LNG giant Shell said it would not take equity in the new operator of the Sakhalin-2 LNG export terminal in Russia.
President Vladimir Putin signed a decree in June allowing Russia to take charge of the Sakhalin-2 project due to Western sanctions imposed on Russia.
Sakhalin Energy LLC, the new operator of the Sakhalin-2 project, launched its operations on August 19.
Shell had a 27.5 percent interest in in the original entity, while Russia’s Gazprom had a 50 percent operating stake. Japan’s Mitsui owned 12.5 percent stake and compatriot Mitsubishi had 10 percent in the plant.
Gazprom remains the operator of the new entity, while Mitsui and Mitsubishi won approvals from the Russian government to take stakes in the new operator.
“Shell will not participate in the new entity established by executive order of the Russian Federal Government to operate the Sakhalin-2 liquefied natural gas (LNG) facility,” a Shell spokesperson said.
“We have notified the Russian Federal Government and our partners in Sakhalin Energy Investment Company Ltd (SEIC) that we will not take equity in the new LLC and that we reserve all our legal rights,” the spokesperson said.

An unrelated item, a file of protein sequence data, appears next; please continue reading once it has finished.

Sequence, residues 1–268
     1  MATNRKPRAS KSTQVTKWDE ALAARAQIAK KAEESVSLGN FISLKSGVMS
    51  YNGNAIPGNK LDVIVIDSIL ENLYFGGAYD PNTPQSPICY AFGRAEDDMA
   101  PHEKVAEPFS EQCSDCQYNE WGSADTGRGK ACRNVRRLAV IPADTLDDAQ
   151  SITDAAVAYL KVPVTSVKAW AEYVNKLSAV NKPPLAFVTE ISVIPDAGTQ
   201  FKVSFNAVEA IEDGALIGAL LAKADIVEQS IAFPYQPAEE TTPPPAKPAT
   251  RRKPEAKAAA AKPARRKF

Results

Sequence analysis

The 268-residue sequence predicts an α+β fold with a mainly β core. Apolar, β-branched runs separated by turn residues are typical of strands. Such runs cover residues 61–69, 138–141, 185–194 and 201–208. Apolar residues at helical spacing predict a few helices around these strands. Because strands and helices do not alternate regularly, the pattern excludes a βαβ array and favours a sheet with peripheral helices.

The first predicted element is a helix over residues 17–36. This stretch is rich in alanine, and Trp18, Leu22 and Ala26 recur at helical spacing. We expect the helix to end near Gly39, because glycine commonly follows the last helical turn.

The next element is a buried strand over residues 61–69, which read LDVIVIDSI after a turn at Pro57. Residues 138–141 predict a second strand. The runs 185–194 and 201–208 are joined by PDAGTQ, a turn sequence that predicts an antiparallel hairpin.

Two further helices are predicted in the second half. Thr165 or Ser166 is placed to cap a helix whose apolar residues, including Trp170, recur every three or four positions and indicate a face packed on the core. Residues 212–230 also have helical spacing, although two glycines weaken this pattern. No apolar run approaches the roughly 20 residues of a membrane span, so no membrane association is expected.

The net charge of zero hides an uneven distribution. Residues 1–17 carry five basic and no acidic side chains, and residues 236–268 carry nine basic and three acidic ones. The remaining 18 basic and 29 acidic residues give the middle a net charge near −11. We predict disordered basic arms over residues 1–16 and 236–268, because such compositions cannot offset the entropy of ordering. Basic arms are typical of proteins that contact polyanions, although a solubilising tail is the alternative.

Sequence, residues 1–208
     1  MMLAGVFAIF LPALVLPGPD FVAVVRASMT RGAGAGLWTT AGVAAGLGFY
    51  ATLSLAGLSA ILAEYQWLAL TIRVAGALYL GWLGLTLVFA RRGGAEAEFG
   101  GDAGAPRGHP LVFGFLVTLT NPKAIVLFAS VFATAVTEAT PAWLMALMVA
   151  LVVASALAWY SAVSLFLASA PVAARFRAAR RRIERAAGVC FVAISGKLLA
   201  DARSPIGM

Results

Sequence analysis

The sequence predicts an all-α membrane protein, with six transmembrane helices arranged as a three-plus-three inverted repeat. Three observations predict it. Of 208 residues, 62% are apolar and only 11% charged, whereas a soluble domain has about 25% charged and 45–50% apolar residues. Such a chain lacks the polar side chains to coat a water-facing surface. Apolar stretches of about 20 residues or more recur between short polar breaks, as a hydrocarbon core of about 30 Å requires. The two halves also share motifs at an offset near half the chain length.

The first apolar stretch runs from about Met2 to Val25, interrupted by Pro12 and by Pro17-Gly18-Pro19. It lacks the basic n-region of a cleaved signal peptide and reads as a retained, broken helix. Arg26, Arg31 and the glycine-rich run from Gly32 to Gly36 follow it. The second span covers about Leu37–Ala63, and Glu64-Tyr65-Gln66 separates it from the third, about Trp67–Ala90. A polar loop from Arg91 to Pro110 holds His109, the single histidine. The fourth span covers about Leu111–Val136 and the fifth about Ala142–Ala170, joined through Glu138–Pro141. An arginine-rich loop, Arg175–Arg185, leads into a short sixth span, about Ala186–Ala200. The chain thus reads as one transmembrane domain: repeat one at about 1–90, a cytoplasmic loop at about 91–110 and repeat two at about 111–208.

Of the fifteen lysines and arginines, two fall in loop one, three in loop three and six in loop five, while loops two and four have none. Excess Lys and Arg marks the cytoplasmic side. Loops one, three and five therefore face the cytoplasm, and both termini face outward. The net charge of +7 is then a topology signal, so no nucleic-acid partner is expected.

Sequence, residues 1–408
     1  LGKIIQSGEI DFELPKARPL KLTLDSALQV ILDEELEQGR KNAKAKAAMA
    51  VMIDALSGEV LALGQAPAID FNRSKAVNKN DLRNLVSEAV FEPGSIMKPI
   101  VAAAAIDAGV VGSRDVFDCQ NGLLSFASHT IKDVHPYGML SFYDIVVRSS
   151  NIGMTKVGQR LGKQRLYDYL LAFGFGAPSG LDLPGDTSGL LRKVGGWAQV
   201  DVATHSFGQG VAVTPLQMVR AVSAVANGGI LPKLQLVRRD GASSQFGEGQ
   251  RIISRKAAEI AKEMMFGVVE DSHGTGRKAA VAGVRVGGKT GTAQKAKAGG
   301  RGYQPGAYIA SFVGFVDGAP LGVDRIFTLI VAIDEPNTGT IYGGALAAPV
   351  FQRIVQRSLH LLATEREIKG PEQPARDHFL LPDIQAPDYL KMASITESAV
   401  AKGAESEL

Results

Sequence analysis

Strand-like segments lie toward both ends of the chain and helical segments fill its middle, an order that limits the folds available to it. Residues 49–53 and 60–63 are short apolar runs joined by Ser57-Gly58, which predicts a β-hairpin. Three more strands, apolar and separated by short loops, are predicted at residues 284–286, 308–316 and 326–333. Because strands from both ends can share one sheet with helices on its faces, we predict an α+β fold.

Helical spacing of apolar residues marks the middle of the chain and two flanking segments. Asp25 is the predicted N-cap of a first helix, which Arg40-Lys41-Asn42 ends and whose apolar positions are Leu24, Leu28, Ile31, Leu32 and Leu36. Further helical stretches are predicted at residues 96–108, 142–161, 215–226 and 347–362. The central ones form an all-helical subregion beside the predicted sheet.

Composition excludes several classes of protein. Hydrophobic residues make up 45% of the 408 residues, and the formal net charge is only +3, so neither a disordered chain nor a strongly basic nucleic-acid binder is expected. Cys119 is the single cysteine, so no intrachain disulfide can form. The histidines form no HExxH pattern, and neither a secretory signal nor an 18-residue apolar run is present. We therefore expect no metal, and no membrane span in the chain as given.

Shell said earlier this year it would exit its joint ventures with Russia’s Gazprom and related entities, including its stake in the Sakhalin-2 LNG export terminal. The firm has been in talks since to sell the stake.
Shell’s CEO Ben van Beurden recently said that “it’s highly unlikely” that the firm would buy into the new Russian entity.
“That’s not in line with our intentions to leave our asset position in Russia. It, of course, throws little bit more uncertainty how exactly we will exit, but we are pretty clear on our intent,” van Beurden said.
LNG supply deal
The Sakhalin-2 LNG facility started producing LNG back in 2009 with a design capacity of 9.6 mtpa, but due to technical improvements and upgrades, together with weather and temperature conditions, production rose by 20 percent.
Besides the stake in the project, Shell has a contract to buy about 1 mtpa from the LNG plant.
“We continue to monitor developments relating to that contract and assess our options in line with applicable legal requirements and agreements,” the spokesperson said.
Shell has a diverse and flexible global supply portfolio which enables the firm to deliver LNG from multiple sources. It includes LNG supply from its equity assets across the globe and offtake from different LNG supply projects.
“Our non-participation in the new Sakhalin entity established by the Russian Federal Government will not impact our ability to continue to serve customers, in line with our commitments,” the spokesperson said.